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  1. Abstract

    Breast cancer is a major cause of cancer-associated deaths in the United States. It was estimated that 12% of women in the U.S. will develop invasive breast cancer in their lifetime. The human epidermal growth factor receptor (HER2/neu) is a growth-promoting protein that is overexpressed in 15–20% of breast cancers (HER2-positive breast cancer). HER2-positive breast cancer generally grows and spreads more quickly than other breast cancers, but it can be targeted therapeutically. Targeting drugs have been developed with a specific design to stop the growth and even the spread of cancer. These drugs include trastuzumab (Herceptin), pertuzumab (Perjeta), ado-trastuzumab emtansine (Kadcyla, or TDM-1), fam-trastuzumab deruxtecan, lapatinib, neratinib and tucatinib. However, the need for better targeted therapy and efficacy still exists. Nanotechnology could have major advantages in terms of detection, targeting, drug delivery, and destruction of cancer cells and tumors. Although a great deal of progress has been accomplished major challenges still need to be addressed. In this review, we examine the major areas of research in the area of nanotechnology and HER2-positive breast cancer.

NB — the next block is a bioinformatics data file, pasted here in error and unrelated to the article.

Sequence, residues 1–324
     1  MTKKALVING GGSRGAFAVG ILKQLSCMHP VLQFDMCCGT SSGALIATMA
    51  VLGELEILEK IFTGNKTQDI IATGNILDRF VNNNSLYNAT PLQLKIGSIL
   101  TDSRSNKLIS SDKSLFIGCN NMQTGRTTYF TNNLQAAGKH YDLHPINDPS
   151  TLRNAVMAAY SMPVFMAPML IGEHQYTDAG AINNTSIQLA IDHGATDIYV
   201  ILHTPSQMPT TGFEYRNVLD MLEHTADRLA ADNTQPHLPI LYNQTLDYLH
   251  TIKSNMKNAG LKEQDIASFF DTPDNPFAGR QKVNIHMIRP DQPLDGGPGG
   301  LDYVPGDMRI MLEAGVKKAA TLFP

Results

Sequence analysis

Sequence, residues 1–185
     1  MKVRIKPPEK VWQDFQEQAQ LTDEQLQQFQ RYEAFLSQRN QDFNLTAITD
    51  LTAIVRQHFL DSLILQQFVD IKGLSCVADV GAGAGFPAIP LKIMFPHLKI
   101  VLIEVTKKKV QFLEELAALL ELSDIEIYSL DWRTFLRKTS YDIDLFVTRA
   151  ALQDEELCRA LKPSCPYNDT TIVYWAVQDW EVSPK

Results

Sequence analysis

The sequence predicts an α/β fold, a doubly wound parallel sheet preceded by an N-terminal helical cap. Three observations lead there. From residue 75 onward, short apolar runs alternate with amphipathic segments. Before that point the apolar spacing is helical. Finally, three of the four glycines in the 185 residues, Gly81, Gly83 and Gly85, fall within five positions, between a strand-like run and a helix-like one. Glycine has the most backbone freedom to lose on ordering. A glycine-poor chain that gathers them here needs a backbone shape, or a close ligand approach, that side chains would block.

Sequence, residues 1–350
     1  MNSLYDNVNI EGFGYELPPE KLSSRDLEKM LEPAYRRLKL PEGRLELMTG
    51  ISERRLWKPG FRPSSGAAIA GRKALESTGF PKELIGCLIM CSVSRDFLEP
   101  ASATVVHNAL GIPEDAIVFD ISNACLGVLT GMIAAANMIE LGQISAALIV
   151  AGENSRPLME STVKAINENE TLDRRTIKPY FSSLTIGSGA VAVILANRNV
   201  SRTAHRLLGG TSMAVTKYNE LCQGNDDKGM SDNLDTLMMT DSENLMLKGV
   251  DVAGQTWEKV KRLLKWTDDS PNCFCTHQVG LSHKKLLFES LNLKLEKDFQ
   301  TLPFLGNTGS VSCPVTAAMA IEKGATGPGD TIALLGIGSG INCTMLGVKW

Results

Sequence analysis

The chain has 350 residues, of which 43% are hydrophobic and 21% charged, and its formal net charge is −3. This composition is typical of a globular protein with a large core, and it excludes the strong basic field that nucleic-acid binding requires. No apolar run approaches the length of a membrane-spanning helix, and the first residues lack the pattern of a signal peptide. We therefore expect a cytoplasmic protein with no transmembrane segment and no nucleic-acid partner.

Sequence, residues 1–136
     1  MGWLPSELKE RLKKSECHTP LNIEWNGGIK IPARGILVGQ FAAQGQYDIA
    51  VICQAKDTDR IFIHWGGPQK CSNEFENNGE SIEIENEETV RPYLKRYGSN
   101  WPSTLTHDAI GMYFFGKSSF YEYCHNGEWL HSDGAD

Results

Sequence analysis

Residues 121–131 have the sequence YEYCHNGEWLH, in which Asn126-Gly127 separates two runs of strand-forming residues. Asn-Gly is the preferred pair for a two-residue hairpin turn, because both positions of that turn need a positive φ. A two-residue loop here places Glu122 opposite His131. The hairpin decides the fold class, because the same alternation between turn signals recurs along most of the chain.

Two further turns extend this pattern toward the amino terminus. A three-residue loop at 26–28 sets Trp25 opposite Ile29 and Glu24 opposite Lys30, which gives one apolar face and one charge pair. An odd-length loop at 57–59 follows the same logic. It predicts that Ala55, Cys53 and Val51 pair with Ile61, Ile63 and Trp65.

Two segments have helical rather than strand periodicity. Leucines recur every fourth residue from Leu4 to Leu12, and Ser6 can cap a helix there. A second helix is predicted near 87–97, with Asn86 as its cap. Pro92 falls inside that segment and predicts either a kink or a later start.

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  2. Abstract

    Pancreatic cancer is one of the most complex types of cancers to detect, diagnose, and treat. However, the field of nanomedicine has strong potential to address such challenges. When evaluating the diffusion and penetration of theranostic nanoparticles, the extracellular matrix (ECM) is of crucial importance because it acts as a barrier to the tumor microenvironment. In the present study, the penetration of functionalized, fluorescent gold nanorods into large (>500 μm) multicellular 3D tissue spheroids was studied using a multimodal imaging approach. The spheroids were generated by co-culturing pancreatic cancer cells and pancreatic stellate cells in multiple ratios to mimic variable tumor-stromal compositions and to investigate nanoparticle penetration. Fluorescence live imaging, photothermal, and photoacoustic analysis were utilized to examine nanoparticle behavior in the spheroids. Uniquely, the nanorods are intrinsically photoacoustic and photothermal, enabling multi-imaging detection even when fluorescence tracking is not possible or ideal.

     
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